THE NEW BUYER OF CHOICE FOR FOUNDER / CEOs

Private company CEOs exploring private equity sale options today should expect managerial expertise, rock-solid financing, and time horizons ranging from decades to forever.

It’s the reason we, The Coltala Group, have structured ourselves to be A Diversified Holding Company with a Unique Concept in Private Equity Investing.

* The Edison Electric Light Company eventually became the General Electric Company – the only extant member of the original Dow 12 Industrial Companies.

 

 

 

The Coltala Group Executive Team (alums of Goldman Sachs, The Boston Consulting Group, Harvard and MIT) have joined forces to create a new concept in private equity investing. Ralph Manning, co-founder and Chief Executive Officer; Edward Crawford, co-founder and President; Chris Goodwin, co-founder and Chief Operating Officer; and Christine Spadafor, co-founder, Managing Director and Co-Head of the CES office, bring broadly diversified expertise in both for-profit and not-for-profit sectors to their portfolio companies.

The Coltala Group is a diversified holding company with a unique and proven enterprise system - The Coltala Enterprise System™ - that enables high-potential, small and mid-size companies to achieve optimal scale. With our deep bench of experienced industry professionals, and more than 100 years of combined experience, Coltala is well positioned to acquire and unlock the potential of family businesses and privately-held companies in the healthcare, manufacturing and branded products and services industries. We are committed to being conscientious stewards of your company's legacy and to working with you and your team to take your company to the next level.

Edward J. Crawford, President

Edward J. Crawford
Co-founder (President)
The Coltala Group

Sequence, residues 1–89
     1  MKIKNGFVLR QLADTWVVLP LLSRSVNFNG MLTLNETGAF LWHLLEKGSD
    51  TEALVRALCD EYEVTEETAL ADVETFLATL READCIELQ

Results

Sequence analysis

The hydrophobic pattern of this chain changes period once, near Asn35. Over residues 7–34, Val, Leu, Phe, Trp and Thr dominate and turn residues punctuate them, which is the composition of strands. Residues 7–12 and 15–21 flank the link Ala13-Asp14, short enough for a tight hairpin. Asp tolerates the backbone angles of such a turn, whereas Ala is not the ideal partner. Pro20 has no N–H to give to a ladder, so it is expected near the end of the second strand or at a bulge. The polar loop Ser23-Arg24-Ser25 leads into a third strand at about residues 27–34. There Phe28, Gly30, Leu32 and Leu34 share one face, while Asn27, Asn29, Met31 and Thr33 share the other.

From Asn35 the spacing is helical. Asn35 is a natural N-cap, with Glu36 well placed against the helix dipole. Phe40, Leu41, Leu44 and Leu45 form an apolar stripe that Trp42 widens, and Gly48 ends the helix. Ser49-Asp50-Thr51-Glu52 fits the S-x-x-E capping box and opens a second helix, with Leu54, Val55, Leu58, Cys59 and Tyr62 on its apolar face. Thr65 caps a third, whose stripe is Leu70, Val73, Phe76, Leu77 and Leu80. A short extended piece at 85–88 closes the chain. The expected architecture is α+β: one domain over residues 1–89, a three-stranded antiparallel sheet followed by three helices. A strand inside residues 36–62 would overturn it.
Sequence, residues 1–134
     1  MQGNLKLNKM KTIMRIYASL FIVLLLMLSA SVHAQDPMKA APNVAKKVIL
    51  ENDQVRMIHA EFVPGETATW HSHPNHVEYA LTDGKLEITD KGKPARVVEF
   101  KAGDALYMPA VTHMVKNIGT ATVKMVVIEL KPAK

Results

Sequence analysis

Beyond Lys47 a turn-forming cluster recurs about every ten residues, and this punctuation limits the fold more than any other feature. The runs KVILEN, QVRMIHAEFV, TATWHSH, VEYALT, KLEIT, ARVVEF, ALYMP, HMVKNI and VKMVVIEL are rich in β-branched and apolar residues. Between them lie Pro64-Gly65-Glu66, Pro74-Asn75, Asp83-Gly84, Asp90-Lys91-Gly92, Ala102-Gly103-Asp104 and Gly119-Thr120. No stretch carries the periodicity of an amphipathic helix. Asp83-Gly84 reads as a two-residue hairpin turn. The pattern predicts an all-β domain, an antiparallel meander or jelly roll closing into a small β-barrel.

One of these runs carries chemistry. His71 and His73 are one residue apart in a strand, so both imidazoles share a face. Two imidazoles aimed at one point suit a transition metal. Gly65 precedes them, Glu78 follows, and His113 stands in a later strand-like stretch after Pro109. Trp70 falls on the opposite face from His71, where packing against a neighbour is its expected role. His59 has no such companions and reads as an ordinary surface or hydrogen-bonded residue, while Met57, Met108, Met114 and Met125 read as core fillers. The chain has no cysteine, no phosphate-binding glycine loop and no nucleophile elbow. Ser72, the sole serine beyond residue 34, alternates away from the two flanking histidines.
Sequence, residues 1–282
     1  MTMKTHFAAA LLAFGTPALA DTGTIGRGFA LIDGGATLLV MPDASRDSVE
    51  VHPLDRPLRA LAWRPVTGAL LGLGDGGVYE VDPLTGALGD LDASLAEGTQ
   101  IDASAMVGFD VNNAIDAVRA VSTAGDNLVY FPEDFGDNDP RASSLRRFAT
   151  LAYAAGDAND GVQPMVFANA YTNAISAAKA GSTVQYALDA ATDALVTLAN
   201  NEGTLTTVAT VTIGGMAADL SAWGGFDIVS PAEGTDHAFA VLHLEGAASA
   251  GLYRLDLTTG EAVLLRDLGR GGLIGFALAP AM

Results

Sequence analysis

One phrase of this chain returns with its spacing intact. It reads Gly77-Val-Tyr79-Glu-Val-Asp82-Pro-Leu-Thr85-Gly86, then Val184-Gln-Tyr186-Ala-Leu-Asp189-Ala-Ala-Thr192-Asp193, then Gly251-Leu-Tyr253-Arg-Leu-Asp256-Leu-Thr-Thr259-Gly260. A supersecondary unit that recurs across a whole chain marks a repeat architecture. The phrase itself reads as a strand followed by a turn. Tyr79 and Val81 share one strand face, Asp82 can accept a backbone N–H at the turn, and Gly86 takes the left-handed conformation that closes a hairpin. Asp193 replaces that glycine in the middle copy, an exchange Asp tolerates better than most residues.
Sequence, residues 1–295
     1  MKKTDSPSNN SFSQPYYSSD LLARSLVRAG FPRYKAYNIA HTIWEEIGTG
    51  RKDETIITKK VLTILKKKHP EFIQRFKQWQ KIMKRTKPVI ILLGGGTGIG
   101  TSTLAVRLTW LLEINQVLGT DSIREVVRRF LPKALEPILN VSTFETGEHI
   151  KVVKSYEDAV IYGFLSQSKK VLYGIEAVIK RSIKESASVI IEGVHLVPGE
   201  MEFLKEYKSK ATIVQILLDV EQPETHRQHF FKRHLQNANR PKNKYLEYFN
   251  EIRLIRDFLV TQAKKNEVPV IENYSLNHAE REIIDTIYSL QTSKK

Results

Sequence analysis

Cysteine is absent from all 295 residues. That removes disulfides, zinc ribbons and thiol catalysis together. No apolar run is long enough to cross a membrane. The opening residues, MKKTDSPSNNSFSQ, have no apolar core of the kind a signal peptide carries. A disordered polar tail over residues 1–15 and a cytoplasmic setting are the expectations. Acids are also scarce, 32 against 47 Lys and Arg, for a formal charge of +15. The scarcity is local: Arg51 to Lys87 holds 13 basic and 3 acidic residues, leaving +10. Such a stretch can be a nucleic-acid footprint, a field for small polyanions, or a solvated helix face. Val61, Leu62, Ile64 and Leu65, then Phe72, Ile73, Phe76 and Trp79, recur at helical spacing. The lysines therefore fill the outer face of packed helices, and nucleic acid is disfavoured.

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The Coltala Group Executive Team (alums of Goldman Sachs, The Boston Consulting Group, Harvard and MIT) have joined forces to create a new concept in private equity investing. Ralph Manning, co-founder and Chief Executive Officer; Edward Crawford, co-founder and President; Chris Goodwin, co-founder and Chief Operating Officer; and Christine Spadafor, co-founder, Managing Director and Co-Head of the CES office, bring broadly diversified expertise in both for-profit and not-for-profit sectors to their portfolio companies.

The Coltala Group is a diversified holding company with a unique and proven enterprise system - The Coltala Enterprise System™ - that enables high-potential, small and mid-size companies to achieve optimal scale. With our deep bench of experienced industry professionals, and more than 100 years of combined experience, Coltala is well positioned to acquire and unlock the potential of family businesses and privately-held companies in the healthcare, manufacturing and branded products and services industries. We are committed to being conscientious stewards of your company's legacy and to working with you and your team to take your company to the next level.